The problem is that B.F.A. programs are incredibly small, and you have to audition if you want to get in. So in addition to the standard essay-writing and test-taking, April and I had spent the past few months selecting and preparing monologues. Two two-minute monologues, that’s all the time we would get to distinguish ourselves from literally thousands of fellow auditionees.

I spent afternoons at Borders going through monologue books, trying to find something that would both fit me and blow away the judges with its brilliance. Nothing seemed brilliant enough. The monologues had to be age-appropriate. After a lifetime of playing quirky little kids and mothers, I could find no monologue for a high school age character that wasn’t incredibly stupid.

The worst part was that no one except April understood the process. I made good grades and lived in an achievement-obsessed area, so when I told people what colleges I was applying to, I only got puzzled looks. Sure, the schools may not have limited themselves to the valedictorians of our nation, but in the theater world, they were top tier. Thousands of students aspired to study acting at schools like Syracuse, UConn, and of course, the Holy Grail of acting schools, the Tisch school at NYU. “You’re a shoo-in,” my guidance counselor assured me. He failed to understand that my GPA, essay, and extracur-riculars were minor details compared to those fateful four minutes.

The true futility of it all didn’t hit me until my Ithaca audition. Being in the college auditorium with what must have been over one hundred other students, I couldn’t really focus on the man onstage who was preaching about the merits of a B.F.A. education. I just kept looking around at the sea of nervous and cocky expressions, of gorgeous girls and goofy-looking guys, thinking, “Twelve students. They’re only accepting what amounts to, like, half of the first row.” And this was just one round of auditions. Rumor had it that the total number of students who auditioned was nine hundred. Twelve out of nine hundred. I had a 1% chance of getting in.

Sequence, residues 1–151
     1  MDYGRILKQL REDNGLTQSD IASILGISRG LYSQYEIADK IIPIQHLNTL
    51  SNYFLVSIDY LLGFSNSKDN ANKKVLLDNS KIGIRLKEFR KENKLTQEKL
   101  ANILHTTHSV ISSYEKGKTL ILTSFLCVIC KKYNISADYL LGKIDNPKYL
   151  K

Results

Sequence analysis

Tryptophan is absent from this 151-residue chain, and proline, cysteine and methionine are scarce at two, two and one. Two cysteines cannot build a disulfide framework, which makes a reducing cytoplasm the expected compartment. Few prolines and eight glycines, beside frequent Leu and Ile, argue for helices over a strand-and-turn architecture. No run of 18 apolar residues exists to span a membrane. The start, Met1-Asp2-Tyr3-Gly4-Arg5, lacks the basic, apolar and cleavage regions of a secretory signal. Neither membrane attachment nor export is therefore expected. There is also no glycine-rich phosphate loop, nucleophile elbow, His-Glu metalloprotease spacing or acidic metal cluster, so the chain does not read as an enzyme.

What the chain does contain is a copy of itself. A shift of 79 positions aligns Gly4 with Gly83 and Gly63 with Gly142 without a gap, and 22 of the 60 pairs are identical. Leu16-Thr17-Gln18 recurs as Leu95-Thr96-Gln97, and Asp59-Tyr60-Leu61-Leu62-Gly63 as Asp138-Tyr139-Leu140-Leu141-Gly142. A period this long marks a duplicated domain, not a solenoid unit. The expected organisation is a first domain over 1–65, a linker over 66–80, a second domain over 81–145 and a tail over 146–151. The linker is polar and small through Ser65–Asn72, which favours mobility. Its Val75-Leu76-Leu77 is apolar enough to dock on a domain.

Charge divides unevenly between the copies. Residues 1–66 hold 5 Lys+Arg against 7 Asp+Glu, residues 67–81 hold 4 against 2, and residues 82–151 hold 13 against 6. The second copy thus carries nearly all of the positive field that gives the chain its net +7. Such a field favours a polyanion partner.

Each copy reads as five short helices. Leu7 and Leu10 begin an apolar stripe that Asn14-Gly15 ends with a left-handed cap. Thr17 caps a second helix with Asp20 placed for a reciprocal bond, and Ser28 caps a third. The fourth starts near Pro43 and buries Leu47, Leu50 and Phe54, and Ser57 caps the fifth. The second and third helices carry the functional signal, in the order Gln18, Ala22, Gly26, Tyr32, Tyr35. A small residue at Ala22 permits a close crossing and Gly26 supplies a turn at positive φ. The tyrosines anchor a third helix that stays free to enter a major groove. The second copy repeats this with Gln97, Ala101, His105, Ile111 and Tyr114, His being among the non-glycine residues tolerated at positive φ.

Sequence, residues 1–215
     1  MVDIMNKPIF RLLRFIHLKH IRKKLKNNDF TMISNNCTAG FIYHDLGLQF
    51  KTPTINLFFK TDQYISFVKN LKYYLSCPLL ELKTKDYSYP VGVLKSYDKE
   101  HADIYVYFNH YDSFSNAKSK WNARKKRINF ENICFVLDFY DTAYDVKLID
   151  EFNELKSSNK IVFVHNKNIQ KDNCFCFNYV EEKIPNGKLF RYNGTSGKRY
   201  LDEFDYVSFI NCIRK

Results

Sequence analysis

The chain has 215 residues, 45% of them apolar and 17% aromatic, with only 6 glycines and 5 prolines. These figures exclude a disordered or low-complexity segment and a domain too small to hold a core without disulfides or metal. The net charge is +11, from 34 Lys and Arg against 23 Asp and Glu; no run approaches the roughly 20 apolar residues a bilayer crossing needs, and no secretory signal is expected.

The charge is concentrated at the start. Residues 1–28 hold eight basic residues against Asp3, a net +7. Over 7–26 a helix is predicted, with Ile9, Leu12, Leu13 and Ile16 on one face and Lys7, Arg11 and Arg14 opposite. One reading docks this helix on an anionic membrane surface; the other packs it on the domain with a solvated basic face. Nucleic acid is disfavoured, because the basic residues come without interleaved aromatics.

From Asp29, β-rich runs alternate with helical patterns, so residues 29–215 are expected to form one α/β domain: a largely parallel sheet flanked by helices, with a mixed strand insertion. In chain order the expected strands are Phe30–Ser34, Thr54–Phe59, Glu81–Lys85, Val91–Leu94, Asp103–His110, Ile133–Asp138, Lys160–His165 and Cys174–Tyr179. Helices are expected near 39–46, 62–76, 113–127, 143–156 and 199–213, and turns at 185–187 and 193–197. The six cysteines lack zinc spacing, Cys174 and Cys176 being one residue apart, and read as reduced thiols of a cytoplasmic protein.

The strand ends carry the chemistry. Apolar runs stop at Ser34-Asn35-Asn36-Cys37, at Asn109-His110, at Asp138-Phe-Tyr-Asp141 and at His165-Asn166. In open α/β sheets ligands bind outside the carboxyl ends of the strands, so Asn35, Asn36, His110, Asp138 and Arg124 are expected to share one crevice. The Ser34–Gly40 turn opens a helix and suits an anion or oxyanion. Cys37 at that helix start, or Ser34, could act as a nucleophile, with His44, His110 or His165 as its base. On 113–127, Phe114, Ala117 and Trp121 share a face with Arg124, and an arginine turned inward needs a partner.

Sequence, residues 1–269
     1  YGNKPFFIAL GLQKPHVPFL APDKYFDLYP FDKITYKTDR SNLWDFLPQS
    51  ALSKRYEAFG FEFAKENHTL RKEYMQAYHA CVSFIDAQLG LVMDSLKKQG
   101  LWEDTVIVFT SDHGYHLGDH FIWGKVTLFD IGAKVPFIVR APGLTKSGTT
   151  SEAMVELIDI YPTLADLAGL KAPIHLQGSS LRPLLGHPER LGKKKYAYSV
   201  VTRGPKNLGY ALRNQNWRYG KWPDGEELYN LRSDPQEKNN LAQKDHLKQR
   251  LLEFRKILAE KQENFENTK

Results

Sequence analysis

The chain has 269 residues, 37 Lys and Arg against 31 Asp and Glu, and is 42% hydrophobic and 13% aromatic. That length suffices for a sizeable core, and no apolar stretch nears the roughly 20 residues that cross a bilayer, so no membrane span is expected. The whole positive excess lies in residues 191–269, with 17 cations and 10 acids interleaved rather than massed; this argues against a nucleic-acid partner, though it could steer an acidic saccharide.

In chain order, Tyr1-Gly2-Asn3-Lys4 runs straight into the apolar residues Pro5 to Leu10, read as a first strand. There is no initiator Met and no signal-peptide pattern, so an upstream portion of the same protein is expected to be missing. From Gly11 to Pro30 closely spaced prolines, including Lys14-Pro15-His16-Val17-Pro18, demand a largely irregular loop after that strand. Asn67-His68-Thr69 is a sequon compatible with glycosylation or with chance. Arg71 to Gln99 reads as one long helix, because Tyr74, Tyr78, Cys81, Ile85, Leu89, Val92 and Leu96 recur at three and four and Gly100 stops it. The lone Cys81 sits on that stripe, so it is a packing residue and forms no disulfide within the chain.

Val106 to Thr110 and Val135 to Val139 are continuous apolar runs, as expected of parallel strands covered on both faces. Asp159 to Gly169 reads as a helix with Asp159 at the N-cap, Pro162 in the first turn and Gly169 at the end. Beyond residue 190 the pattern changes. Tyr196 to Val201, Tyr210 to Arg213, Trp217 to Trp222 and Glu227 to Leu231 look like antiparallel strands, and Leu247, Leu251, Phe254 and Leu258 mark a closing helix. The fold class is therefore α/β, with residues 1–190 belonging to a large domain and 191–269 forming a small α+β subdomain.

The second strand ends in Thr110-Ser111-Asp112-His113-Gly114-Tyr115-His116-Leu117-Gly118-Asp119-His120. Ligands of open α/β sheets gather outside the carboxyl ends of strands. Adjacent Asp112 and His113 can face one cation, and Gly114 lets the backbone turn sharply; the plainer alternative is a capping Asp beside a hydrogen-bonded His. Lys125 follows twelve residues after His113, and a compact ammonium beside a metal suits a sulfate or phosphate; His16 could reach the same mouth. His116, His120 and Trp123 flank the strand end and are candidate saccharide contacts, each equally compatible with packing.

But I had the dream, right? That was what mattered, or so they say, all those famous people who say they succeeded because they never stopped believing. I squinted my eyes like I was wishing on a star and tried to believe hard enough.

It didn’t work.

During March and April, I moved around school like the walking dead, only coming alive when I got to the mailbox that would spit out a verdict on my future, which increasingly seemed to not exist. I would choke back tears to appease my mom until I found April in school, who had equally bad news to report.